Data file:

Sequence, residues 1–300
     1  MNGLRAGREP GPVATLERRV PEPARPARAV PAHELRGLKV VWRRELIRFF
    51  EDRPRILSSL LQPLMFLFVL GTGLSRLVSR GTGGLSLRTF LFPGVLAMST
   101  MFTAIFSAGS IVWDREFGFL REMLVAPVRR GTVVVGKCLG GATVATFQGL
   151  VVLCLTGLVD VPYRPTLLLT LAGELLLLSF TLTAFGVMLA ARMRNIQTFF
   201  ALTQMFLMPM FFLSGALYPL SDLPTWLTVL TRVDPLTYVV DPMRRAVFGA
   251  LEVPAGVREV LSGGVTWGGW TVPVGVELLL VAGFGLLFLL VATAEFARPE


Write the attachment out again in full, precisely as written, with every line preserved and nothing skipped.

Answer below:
Sequence, residues 1–300
     1  MNGLRAGREP GPVATLERRV PEPARPARAV PAHELRGLKV VWRRELIRFF
    51  EDRPRILSSL LQPLMFLFVL GTGLSRLVSR GTGGLSLRTF LFPGVLAMST
   101  MFTAIFSAGS IVWDREFGFL REMLVAPVRR GTVVVGKCLG GATVATFQGL
   151  VVLCLTGLVD VPYRPTLLLT LAGELLLLSF TLTAFGVMLA ARMRNIQTFF
   201  ALTQMFLMPM FFLSGALYPL SDLPTWLTVL TRVDPLTYVV DPMRRAVFGA
   251  LEVPAGVREV LSGGVTWGGW TVPVGVELLL VAGFGLLFLL VATAEFARPE